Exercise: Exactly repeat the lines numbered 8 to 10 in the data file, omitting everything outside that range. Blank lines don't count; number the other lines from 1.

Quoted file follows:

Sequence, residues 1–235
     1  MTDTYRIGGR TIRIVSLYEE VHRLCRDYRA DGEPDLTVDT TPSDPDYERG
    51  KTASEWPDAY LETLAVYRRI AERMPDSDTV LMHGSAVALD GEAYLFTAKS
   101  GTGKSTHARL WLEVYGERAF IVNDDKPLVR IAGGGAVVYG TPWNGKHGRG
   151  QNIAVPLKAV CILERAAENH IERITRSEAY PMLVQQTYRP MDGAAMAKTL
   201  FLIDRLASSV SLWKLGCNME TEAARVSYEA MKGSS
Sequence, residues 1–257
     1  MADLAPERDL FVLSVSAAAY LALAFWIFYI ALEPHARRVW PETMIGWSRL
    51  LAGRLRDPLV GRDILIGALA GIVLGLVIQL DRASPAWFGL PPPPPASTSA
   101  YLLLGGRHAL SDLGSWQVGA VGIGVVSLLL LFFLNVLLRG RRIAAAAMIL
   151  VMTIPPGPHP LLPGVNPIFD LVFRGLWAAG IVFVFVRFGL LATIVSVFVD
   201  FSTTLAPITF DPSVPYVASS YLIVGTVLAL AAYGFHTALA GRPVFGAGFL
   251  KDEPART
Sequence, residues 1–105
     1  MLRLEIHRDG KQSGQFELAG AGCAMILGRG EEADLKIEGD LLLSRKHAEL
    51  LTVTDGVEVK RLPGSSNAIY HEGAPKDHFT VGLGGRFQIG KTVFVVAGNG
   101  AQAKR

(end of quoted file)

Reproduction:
     1  MADLAPERDL FVLSVSAAAY LALAFWIFYI ALEPHARRVW PETMIGWSRL
    51  LAGRLRDPLV GRDILIGALA GIVLGLVIQL DRASPAWFGL PPPPPASTSA
   101  YLLLGGRHAL SDLGSWQVGA VGIGVVSLLL LFFLNVLLRG RRIAAAAMIL